20 June 2011

Eight easy and fun hobbies to increase your self-reliance

Becoming more self-reliant means doing more for yourself, relying less on others, and/or buying less mass-produced products. In short, it's do-it-yourself time.

Of course, few people can jump right into doing everything for themselves. Fewer still can make all the goods they need to survive. An alternative is to pick one area at a time in which to work on being self-sufficient.

Below is a list of eight hobbies to consider taking up. Becoming proficient in any one of these will increase your independence in a very tangible way:

  1. Gardening: Growing your own food is as basic as it gets. Even if you don't have a yard, or much space at all, you can still start container gardening for just a small amount of money. With a bit more space, you can grow considerably more food and really put a dent in your grocery bill.

  2. Hunting/Fishing: Although not for everyone, hunting and/or fishing can also help reduce your food bill. Costs can be considerably more than getting started in gardening, depending on what game you're after. You'll also need to learn about cleaning and processing what you catch. In addition, hunting has the side benefit of learning to properly use firearms. (You are taking a hunter's safety course, right?)

  3. Camping/Hiking: "Roughing it" is a win-win situation — you get to go relax in the great outdoors, and learn how to live "unplugged" from all of the conveniences of modern life — assuming you leave the laptop at home and turn the ringer off on your smartphone. Camping can cost a little or a lot… generally, the more "home-like" your experience is, the more it will cost.

  4. Canning/Dehydrating: Learning either of these is pretty simple, and you can get started with them for a small investment. Once you become proficient, you can stock up on a lot of food, which will increase your level of preparedness against storms, job loss, economic problems, and so on. (This is a great hobby to learn after you've started gardening.)

  5. Cooking: Learning to cook for yourself is not only fun, but you'll probably eat more healthily. Plus, your food bill will typically be lots lower, since you're not paying someone else to prepare the food, package it, and transport it to you. If you expand your cooking to include grilling and other outdoor methods, you'll be better prepared for power outages or similar disruptions.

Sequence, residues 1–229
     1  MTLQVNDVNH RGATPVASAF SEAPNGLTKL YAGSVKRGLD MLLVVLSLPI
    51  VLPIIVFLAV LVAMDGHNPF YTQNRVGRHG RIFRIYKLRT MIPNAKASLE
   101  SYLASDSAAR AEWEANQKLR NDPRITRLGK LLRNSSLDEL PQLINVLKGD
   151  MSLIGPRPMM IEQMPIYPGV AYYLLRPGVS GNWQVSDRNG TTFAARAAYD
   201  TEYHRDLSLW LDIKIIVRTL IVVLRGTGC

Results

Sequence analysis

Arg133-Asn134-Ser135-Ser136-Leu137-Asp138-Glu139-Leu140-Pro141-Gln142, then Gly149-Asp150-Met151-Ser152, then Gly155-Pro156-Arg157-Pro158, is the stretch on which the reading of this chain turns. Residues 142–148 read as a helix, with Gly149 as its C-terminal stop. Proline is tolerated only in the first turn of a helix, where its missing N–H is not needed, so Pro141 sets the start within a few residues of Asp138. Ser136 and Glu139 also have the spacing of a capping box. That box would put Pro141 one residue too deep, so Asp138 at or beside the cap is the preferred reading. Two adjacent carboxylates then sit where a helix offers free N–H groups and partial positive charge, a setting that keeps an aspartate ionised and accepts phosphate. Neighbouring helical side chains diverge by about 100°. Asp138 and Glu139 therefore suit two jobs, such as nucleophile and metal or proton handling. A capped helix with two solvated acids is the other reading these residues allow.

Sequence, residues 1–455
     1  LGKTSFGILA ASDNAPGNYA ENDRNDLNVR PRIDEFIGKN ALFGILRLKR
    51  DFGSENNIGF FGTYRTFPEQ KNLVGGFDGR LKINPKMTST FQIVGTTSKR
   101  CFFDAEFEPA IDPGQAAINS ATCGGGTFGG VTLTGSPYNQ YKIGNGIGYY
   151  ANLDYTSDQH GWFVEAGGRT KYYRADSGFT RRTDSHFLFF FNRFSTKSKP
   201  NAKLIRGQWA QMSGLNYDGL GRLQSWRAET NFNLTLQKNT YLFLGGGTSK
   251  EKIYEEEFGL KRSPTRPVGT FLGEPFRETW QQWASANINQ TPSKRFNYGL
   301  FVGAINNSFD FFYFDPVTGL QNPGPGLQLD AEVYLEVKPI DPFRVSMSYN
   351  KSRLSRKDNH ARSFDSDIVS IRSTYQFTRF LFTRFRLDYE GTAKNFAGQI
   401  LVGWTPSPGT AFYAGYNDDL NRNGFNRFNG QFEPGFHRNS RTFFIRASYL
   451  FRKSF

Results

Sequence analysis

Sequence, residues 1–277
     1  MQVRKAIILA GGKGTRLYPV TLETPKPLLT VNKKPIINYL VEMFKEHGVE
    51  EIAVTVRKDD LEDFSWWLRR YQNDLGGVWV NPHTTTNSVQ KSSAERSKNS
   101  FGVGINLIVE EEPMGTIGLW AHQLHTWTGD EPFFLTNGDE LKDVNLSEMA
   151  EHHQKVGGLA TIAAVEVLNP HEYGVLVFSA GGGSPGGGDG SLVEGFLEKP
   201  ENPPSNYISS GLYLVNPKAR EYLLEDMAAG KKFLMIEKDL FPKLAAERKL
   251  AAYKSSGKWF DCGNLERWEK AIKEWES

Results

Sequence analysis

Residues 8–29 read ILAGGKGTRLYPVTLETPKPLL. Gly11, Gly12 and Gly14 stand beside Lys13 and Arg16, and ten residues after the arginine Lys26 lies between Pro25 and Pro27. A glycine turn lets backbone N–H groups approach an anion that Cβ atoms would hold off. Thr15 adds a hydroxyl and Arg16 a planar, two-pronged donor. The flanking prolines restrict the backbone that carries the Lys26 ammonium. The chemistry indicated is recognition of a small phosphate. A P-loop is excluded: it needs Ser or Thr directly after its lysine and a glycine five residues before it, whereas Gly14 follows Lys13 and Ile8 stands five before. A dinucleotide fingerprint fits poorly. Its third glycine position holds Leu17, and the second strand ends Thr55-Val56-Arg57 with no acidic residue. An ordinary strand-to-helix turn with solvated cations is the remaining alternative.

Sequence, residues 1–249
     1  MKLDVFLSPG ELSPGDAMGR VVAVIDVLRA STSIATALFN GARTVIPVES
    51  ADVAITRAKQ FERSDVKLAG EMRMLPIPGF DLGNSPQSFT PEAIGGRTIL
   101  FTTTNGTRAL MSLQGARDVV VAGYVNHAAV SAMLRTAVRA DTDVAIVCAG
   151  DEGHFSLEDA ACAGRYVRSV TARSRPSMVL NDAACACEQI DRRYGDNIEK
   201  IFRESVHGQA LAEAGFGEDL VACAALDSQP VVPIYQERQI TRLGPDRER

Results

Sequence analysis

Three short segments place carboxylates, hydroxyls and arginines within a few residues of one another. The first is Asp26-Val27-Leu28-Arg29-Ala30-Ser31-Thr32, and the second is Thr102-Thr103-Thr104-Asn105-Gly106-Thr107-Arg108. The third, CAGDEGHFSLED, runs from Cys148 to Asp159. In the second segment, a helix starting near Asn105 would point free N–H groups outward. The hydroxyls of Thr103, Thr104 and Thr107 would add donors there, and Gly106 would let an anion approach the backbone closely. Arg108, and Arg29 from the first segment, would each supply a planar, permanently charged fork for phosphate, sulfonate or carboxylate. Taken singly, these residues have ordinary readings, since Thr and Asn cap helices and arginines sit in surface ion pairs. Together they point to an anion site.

6. Sewing: Learning to sew means that you can make clothes that are exactly your style, and fit like they were made just for you — because they were! Generally, sewing requires a sewing machine (which can be a bit costly), but you can learn the basics of hand sewing too. That's handy to know anyway, since it can help with mending existing garments.

  7. Knitting/Crocheting: Either of these hobbies will allow you to make garments (or other items) that are useful and attractive. You can get started in knitting or crocheting for a fairly small amount of money. My mother and grandmother said they found these kinds of needlework to be relaxing, and easy to do while you're talking, listening to the radio, or watching television.

  8. Carpentry/Woodworking: Learning to build things from wood can be extremely useful. You can build simple outdoor furniture or elegant indoor pieces that are decorative and functional. Or, you can build sheds, fences, and more. Even basic carpentry will require you to buy some tools and equipment, which can be pricy. More elaborate woodworking can mean more expensive power equipment (or good hand tools and a lot of patience).

Mastering one of these hobbies will also give you the peace and satisfaction of knowing that you can fend for yourself a bit more than before. Once you're comfortable with one new skill, pick another one and work on it. Keep doing that and before you know it, you'll be well along the way to self-reliance.

What do you think? Did I miss your favorite self-reliant hobby? Please add your suggestions in the comment section below.

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